She hit enter.
Memories swirled around her. Her body felt distant — strange. But for the first time in months, there was no pain. Her awareness stretched, thinned, expanded.
Then it snapped back.
She cried out as the pain rushed back. Sorrow ripped through her. Sam rubbed her back in little circles. “I don’t understand,” she choked out between sobs. “It should have worked. I shouldn’t be in this broken meat sac, I should be in there!”
Sam turned her face toward her monitor.
“I don’t want to fix it now,” she snapped.
“No. Look,” Sam said.
She looked at the instant message box — the one where she should be now.
Carol2.0: It worked! Sam, it worked! This is amazing — there's no pain. I'm alive! I'm alive. Sam, I'm not going to die.
Carol2.0: Sam? Are you there?
Carol stared at the screen and felt a strange, surreal jealousy.
Sam’s fingers moved on the keyboard.
TrueSamwise: I'm here. And so are you.
Carol2.0: I know, silly. That's what I was just saying.
TrueSamwise: No, you don't understand. Your body — you're still you.
Carol2.0: You mean there are two of us?
Carol2.0: And she's still dying.
A long moment passed before Sam typed again.
Carol2.0: I don't know what to say.
Carol pushed Sam away from the computer.
TrueSamwise: Carol here. Don't say anything. Do something. You don't have to eat or sleep now. You don't have my limits. I'm — you're smart. Learn medicine. Help me ...
Carol2.0: I'll try.
Days slipped by. The doctors lifted Carol’s dietary restrictions. They told her to do whatever made her happy.
She posted her program online, along with diagrams of the hardware. The internet buzzed with her name. Uploaded intelligences set themselves to solving the world’s problems.
Carol2.0 reported her progress every morning. Her progress was slow.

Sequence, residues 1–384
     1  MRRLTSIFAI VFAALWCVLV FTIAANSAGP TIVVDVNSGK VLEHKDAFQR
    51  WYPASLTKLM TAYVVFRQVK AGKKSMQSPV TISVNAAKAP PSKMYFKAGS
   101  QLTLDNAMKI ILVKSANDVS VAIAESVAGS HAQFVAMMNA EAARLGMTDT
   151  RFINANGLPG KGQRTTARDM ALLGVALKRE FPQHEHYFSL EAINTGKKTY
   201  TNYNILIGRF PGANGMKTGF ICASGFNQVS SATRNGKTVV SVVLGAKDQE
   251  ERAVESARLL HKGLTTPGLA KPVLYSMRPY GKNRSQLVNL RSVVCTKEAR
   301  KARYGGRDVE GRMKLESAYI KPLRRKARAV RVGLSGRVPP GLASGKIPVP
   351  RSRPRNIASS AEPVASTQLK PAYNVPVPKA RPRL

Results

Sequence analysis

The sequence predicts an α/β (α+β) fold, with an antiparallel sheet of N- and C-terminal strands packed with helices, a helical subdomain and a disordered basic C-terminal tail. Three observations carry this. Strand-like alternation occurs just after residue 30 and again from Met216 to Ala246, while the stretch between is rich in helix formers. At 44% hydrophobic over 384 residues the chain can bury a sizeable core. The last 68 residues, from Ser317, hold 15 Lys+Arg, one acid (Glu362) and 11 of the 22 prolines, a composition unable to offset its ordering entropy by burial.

Politicians debated the uploaded’s rights. Religious groups despaired for their souls.
An uploaded doctor discovered a cure for Alzheimer’s. Uploaded diplomats bartered peace in war-torn nations. An uploaded scientist found a clean, safe, energy-efficient way to desalinate water.
Sam took Carol for long drives. They rode roller coasters, ate at the most expensive restaurant in town, went to the symphony.
Despite all the food, Carol grew thinner and thinner. She couldn’t stand for long, couldn’t really walk at all. Sam rented a wheelchair.
Carol2.0: I think I have something. It's experimental and needs rigorous testing. I think it might be too late to help you.
MeatCarol: It's not too late till I'm dead.
The screen filled with formulas. Carol asked for donations to pay for the experimental treatment. Money poured in.
She started the treatment.
It didn’t help.
Carol curled in her bed. Tubes filled with medicine dripped into her arms, monitors beeped from every corner, and she hurt all over.
Sam held her hand. “You’ve done an amazing thing,” he said. “You made the whole world a better place. And you — you’ve made my life wonderful. I love you.”
“I love you, too.” She tried to squeeze his fingers. She wasn’t sure if it worked. “I wish I could stick around and see what happens next. But I guess I’m going to find out what comes after death, after all,” she whispered. “I really wasn’t that curious.”
Sam kissed her one last time, then her eyes slid closed.
The machines screamed. Sam unplugged them. They weren’t telling him anything he didn’t already know. She was gone.
He went to the computer, opened up a window.
TrueSamwise: Carol's dead.
Carol2.0: I'm still here.
TrueSamwise: I'm glad. She'd be glad, too. She was worried.
Carol2.0: I wasn't.
Carol2.0: I wish I could hold you.
TrueSamwise: Me too.
Jamie Lackey lives in Pittsburgh with her husband and their cat. Her fiction has been appeared in Daily Science Fiction, Beneath Ceaseless Skies, and Penumbra. She’s a member of the Science Fiction and Fantasy Writers of America.